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Jaguar Land Rover is investing £1 billion to produce three new electric vehicles, two of which will be crossovers.

Those two crossovers will be the Jaguar J Pace and the Land Rover 'Road Rover' (unofficial name)

The will use JLR's new Modular Longitudinal Architecture (MLA) platform and are expected to start production by the end of next year.

JLR has already confirmed that the replacement for the Jaguar XJ luxury saloon will be a battery-electric model. However, it’s understood that Castle Bromwich will also produce two more vehicles, both crossovers. Land Rover’s upcoming ‘Road Rover’ will be sold as a pure EV, while the new Jaguar J-Pace flagship will also be built at the plant as an EV.

All three new models are based on the MLA platform, which can be configured with three different types of drivetrain: battery-electric, plug-in hybrid and conventional internal combustion engine.

Insiders say the I-Pace will continue to be built on its unique platform in Austria and have a “normal lifespan”.

The MLA underpinnings will also be used for the next-generation Range Rover and Range Rover Sport, as well as the Discovery 6. It’s expected the majority of each of those models will be sold as plug-in hybrids as increasingly stringent global CO2 regulations continue to bite.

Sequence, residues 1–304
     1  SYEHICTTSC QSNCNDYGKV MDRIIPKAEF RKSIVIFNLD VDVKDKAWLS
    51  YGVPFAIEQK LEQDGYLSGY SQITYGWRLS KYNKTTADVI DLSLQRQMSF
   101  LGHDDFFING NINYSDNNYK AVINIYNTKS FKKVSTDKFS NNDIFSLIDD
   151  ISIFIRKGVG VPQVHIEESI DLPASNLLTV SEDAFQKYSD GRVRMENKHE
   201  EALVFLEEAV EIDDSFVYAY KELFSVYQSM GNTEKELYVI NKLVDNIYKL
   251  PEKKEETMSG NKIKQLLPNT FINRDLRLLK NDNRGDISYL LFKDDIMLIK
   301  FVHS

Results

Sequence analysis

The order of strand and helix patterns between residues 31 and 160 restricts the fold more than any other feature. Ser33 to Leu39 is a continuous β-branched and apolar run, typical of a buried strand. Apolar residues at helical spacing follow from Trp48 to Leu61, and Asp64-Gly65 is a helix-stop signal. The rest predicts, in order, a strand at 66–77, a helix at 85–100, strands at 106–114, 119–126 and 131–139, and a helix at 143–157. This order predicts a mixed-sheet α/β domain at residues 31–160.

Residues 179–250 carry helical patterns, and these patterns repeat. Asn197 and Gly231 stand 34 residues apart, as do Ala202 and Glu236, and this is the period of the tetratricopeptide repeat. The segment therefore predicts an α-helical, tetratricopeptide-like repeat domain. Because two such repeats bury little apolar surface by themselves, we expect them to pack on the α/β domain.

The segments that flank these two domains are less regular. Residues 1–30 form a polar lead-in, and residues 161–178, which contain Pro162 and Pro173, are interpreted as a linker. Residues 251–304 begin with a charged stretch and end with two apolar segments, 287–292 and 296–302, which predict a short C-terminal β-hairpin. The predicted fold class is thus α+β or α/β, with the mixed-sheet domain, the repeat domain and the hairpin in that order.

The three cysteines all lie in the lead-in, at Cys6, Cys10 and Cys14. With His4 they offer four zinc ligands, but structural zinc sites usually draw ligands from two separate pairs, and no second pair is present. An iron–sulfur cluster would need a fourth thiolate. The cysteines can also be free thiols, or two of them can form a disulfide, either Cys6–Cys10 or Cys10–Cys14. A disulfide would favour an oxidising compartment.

The new XJ’s production design is expected to be unveiled towards the end of this year, before the first examples roll out of Castle Bromwich in spring 2021.

Julian Thomson, Jaguar’s new director of design, revealed earlier this year that the car wouldn’t be benchmarked against established luxury saloons.

He described it as a “fabulous-looking thing” while admitting the styling is unconventional. “It will be a beautiful car, with an engaging drive and luxurious interior… a cabin ambience that’s calm and refreshing,” he said, implying that Jaguar is planning on the electric XJ being more of a car for driving than being driven in.

Rather less is known about the upcoming J-Pace and the Land Rover model known only by its ‘Road Rover’ nickname, which won’t be used in production. Both will be sold as EVs, so it’s expected that they will be in the mould of low-riding crossovers rather than conventionally bluff SUVs. With battery range all-important, smaller frontal areas will be a key element of these new-generation models.

The J-Pace will be distinguished from the existing F-Pace (which will undergo a thorough facelift for the 2021 model year) by having a much more luxurious interior and more avant-garde styling, although it’s not expected to mirror the I-Pace too closely.

It’s also understood that the J-Pace will eventually be available with a conventional internal combustion engine powertrain. However, this variant is more likely to be built at Solihull alongside its new Range Rover sister vehicles, which will also use the MLA structure. This ICE version of the J-Pace will benefit from a new range of hybrid options, including the straight-six petrol unit already seen in the facelifted Range Rover Sport.
 
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